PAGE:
The other big issue is parking. Acute paediatric hospitals require much more parking that adult hospitals of the same size, because most of their patients arrive by car. This will not change. There is no prospect of parents of sick children bringing them in on the Luas, not by rail to Heuston station. It is already hard to park on the James’ site, and indeed the NPH build has already significantly reduced the number of parking spaces there.

It is true that Connolly does not have anything like the range of specialist services on the St James’ site, but this is not of great practical importance. The old model, under which some very hard-working adult specialists also did a bit of paediatric work on the side, is gone – almost all care is provided by fully trained paediatric specialists. Connolly could very rapidly be developed to meet a wider range of clinical needs, and this is probably necessary whether or not the NPH goes there. For example, if we ever do decide to build a national trauma centre, Connolly would be a far better choice than either James’ or Beaumont.

All in all, I agree with Connolly for Kids that Connolly would be a better site than James’ and would provide for a better and more affordable NPH. I hope the Oireachtas Health Committee will consider reviewing this decision.

Sitting as an Independent in the Seanad

Sean Melly, one of my respected rivals for the Seanad, has made two appearances in the Irish Times recently. One is an attack on me and three of the candidates running for the NUI panel. The attack is on the basis that we are all associated with Fine Gael, in different ways, and hence unable to serve as ‘independent’ candidates. This is reported by Miriam Lord, under the heading ‘Seanad university seats and a different independence‘. Lord, one of our more acute journalists, writes ‘Melly, who is an independent Independent, is deeply unimpressed. “Candidates need to be honest and political parties should not compromise the integrity of the Seanad,” he says. “The independence of the Upper House must be maintained and its original function rescued and preserved.”’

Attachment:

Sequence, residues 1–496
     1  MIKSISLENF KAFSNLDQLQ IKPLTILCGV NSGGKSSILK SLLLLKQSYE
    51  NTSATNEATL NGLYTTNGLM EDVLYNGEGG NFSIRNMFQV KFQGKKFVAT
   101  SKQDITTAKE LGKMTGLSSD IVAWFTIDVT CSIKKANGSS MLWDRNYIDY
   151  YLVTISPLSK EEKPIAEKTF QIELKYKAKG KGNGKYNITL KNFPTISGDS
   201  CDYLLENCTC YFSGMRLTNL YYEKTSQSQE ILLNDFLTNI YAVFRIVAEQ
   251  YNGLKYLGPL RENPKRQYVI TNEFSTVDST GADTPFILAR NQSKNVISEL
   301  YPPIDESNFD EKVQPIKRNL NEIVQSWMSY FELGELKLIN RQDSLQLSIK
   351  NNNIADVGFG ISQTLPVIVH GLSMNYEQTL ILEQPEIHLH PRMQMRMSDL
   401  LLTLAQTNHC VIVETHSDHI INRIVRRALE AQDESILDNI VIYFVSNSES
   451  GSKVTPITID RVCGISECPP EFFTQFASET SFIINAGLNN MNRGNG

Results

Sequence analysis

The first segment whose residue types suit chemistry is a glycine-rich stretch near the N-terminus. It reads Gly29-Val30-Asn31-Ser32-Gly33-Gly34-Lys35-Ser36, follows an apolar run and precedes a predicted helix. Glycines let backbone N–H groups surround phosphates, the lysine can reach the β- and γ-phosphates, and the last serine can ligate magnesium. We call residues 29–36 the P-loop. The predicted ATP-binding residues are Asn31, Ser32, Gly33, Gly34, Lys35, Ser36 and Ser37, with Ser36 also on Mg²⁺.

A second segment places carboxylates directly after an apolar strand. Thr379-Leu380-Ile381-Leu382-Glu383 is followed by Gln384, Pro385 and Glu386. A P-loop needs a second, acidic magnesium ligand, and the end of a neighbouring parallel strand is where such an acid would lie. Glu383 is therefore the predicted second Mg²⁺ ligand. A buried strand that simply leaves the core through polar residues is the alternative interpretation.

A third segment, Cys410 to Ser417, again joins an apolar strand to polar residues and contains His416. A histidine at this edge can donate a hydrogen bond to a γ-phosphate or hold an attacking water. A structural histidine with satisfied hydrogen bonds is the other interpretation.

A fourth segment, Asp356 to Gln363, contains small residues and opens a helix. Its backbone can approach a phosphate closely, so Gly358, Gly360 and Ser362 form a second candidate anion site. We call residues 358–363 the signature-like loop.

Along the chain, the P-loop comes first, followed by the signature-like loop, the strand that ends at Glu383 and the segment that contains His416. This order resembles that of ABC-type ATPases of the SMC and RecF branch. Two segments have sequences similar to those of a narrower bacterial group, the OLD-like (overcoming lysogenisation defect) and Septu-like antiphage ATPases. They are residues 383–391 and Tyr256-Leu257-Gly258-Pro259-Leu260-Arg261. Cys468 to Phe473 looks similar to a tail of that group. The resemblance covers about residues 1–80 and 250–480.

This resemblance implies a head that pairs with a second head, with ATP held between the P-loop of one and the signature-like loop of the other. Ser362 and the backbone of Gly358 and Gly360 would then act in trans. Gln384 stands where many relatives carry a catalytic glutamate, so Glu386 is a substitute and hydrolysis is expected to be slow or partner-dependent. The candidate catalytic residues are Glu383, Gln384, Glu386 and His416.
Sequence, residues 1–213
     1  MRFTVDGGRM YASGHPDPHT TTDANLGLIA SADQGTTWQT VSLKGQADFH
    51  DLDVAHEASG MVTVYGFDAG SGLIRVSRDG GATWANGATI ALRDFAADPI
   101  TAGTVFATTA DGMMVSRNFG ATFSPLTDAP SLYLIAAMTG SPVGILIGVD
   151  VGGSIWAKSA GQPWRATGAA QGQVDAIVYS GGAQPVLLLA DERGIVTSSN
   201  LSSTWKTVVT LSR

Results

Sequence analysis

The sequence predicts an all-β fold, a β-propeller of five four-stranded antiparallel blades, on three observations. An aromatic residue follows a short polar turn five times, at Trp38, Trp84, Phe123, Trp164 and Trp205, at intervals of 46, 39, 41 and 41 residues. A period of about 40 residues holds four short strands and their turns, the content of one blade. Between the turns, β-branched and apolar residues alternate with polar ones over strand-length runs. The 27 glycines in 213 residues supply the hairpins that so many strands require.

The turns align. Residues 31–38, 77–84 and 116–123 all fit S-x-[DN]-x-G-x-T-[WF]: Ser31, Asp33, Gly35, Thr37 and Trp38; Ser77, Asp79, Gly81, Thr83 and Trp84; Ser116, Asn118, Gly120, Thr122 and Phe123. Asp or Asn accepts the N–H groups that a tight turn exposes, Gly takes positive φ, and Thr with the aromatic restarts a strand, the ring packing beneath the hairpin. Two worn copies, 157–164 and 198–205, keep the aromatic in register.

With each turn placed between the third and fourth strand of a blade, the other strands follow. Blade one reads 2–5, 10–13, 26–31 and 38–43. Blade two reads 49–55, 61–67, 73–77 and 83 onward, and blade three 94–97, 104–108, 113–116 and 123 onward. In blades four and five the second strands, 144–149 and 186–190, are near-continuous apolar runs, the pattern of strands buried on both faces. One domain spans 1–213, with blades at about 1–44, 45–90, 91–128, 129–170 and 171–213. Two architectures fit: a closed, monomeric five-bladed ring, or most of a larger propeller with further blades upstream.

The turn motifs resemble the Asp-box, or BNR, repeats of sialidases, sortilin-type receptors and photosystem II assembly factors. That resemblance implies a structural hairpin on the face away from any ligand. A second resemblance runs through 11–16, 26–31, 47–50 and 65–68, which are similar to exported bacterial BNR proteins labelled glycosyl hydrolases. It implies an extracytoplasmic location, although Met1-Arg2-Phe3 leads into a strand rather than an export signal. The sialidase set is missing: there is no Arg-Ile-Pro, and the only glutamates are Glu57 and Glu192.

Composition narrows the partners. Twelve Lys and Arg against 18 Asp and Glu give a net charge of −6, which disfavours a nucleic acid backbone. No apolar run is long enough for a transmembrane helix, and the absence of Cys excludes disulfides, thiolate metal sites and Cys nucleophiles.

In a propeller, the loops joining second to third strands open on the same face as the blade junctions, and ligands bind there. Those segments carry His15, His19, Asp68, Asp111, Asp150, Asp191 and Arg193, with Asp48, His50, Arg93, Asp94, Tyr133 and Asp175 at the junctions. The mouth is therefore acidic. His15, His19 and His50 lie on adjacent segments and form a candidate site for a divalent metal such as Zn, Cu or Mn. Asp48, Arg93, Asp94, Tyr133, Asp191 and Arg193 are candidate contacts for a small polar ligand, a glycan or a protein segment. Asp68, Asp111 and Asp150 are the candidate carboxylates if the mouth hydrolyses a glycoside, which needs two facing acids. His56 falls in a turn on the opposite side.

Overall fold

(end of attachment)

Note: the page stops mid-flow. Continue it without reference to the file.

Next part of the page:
I agree, though I think reform, rather than restoration, is required. The Seanad does pretty much what Fianna Fail designed it to do – as little as possible. This is no longer acceptable.

I am a Fine Gael member, though not exactly a well-hidden one, see my Twitter account, Facebook Page, or my LinkedIn profile, if you doubt this. It seems odd to suggest that aspiring politicians ought not be interested in politics, and one legitimate way of showing this is to be a member of a party. Being a senator is a political position and having some experience of politics might well be an asset. Certainly, knowing how to work with politicians, and civil servants is essential, if you hope to get anything done.

So why am I  member of Fine Gael, rather than any other party? I am, like most Irish people, fairly centrist. I believe that States have a big role in providing good quality services, and high levels of personal protection to all residents. These include, health care, education, transport, housing, and direct protection (Gardaí etc.). This has to be paid for. I support progressive taxes, where people, like me, on high incomes pay much more than those on lower incomes. I believe that social solidarity matters, and that we need a more equal, and more just society. Fine Gael is not a perfect party, nor are our leadership perfect, but, for me, it tries to go in the right direction.

I agree with Sean that it is important for the Seanad to build on the independence of its members. I do not think that it would help me to work effectively in the Seanad, were I to join a parliamentary party, and I believe it might hinder me. If you know me personally, you may think that I am not well suited to taking a party whip!

There are more impediments to independence than party membership. I have fully declared all my personal and family financial interests, as well as my values, and my religious, and political views. including my latest P60, and my SIPO declarations. Anyone who wishes may inspect these, and draw whatever conclusions you wish.